Theo and Matilda

Theo and Matilda

(1990) Pan

‘Two lovers, repeatedly reunited through the ages, work out their joint destiny.’ Daily Telegraph

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I’ve always been interested in how one location can witness so much changing history. In Theo and Matilda I describe a valley in the West Country and tell the story of a continuing love. I bought a house in Dorset in 1968 mainly because of my admiration for Thomas Hardy’s novels and this book owes something to the influence of the great man. Theo and Matilda first meet in Anglo-Saxon times (I studied Anglo-Saxon at university) when an early Christian monastery stands in the valley. They meet again during the frightening period of the dissolution of the monasteries under Henry VIII. By the Victorian times, the ruined building has become a mental hospital and, finally, I bring Theo and Matilda together in a modern housing development.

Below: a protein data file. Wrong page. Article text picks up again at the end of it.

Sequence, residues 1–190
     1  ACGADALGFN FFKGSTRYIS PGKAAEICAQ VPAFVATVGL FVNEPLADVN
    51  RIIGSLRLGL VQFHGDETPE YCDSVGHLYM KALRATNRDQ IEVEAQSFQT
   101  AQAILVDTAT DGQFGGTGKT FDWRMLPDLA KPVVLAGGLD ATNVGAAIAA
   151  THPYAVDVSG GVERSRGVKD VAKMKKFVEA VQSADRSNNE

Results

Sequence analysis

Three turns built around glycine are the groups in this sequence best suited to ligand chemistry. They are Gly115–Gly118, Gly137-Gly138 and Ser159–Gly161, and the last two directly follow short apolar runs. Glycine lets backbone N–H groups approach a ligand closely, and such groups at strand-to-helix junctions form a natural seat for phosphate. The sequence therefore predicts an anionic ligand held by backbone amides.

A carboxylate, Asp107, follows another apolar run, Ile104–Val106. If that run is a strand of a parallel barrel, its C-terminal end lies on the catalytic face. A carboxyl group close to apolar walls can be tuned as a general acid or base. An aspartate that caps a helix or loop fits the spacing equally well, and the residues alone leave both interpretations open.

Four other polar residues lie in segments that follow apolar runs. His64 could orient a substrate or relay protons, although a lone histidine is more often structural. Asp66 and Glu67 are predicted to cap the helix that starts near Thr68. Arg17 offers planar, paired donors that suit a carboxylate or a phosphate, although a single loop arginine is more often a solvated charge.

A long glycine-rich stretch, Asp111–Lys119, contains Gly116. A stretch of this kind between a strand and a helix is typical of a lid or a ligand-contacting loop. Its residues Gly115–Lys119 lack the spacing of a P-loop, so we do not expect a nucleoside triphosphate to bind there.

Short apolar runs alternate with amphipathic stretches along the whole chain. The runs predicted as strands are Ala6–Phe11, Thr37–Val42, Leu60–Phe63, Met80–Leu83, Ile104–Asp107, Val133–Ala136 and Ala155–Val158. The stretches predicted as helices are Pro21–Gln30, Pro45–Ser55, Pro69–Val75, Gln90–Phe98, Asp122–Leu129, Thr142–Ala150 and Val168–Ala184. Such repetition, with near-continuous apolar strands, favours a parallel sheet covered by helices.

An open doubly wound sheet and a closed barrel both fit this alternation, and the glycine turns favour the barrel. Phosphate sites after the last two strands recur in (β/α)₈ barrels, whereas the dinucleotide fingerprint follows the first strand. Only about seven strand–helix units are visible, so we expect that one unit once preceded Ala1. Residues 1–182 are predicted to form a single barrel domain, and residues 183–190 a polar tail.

At the beginning I quote John Donne’s wonderful lines from ‘The Sun Rising’

‘Love, all alike, no season knows, nor clime,
Nor hours, days, months, which are the rags of time.’

I wish I’d called the novel, ‘The Rags of Time.’